Medical Malpractice Comes in Many Forms December 30, 2010.
Medical malpractice isn’t always recognized for what it is. Patients tend to believe the best about their doctors, despite troubling outcomes.
There are a number of reasons why medical malpractice isn’t quite as prevalent as it could be. One of those reasons is that people don’t always recognize what medical malpractice really is. They trust their doctor to always to the right thing, that they won’t be harmed and that their medical outcomes will be beneficial and not cause them serious injury or death.
Unfortunately, and sometimes despite their best intentions, doctors and other health professionals cause pain, injury and death as a result of intentional or unintentional negligence. It can be something as little as the wrong pill, the wrong time or the wrong dose and someone could be dead or gravely harmed. Awareness of what medical malpractice actually is goes a long way towards understanding when a medical negligence case is applicable after a bad medical outcome.
Keep in mind that not every bad outcome in a medical situation is due to medical malpractice or negligence. Sometimes, bad things just happen and there was nothing anyone could do about it. Do not let that stop you from talking to an experienced Cleveland medical malpractice lawyer, as you may have a case and not realize it.
In what areas do you tend to find instances of medical malpractice? One typical area is birth injuries. In many instances, these types of cases are defined by actual physical trauma or illness before, during or after birth. If the injury is life altering, meaning changes the course of the baby’s life at birth, the parents may be able to seek compensation to cover the cost of future treatments.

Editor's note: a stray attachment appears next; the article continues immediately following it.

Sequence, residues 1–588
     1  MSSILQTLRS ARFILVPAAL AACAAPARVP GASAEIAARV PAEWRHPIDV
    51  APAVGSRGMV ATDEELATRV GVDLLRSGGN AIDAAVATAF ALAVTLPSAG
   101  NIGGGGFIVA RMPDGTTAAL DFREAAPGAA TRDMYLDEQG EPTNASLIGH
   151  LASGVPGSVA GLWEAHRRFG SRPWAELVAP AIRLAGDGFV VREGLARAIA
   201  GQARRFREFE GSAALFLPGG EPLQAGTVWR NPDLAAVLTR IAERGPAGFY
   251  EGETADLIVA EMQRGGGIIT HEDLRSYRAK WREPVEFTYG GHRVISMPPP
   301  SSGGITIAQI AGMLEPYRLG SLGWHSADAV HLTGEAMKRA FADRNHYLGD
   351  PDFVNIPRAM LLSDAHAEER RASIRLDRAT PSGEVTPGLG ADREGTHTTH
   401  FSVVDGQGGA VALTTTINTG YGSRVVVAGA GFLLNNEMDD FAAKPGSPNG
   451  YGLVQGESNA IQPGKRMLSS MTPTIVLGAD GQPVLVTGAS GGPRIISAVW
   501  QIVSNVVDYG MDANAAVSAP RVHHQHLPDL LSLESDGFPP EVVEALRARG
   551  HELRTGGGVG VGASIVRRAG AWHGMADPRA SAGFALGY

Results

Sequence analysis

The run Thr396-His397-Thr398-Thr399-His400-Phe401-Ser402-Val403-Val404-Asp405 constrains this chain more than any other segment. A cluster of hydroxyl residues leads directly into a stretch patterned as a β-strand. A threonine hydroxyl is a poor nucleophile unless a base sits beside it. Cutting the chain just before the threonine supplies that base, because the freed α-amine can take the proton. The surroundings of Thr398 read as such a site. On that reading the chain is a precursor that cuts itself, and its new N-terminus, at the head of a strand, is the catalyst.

Medication errors are way up there on the list of things that can and do go wrong when dealing with a medical situation. These happen when a health professional knowingly prescribes or gives a patient the wrong medication, medication that the patient is allergic to, or gives the wrong dose of the right medication. The key here is the term "knowingly prescribes or gives" the medication, because in some cases the doctor and the patient may not know that they are allergic to a certain medication.
Along with medication errors, another category of medical malpractice that stalks the halls of hospitals and clinics is the failure to diagnose or misdiagnosis. Some people think they are the same thing, but in court, they are different. Misdiagnosis is when the doctor gets it totally wrong and, for instance, diagnoses lung cancer as asthma. Failure to diagnose is when an illness or condition just is not caught at all.
This is a fine line to walk in court, and there are cases where there is an overlap between failure to diagnose and misdiagnosis. Understand that the bottom line typically tends to be the same – harm to the patient or death. For cases like this, speak to an experienced Cleveland medical malpractice lawyer.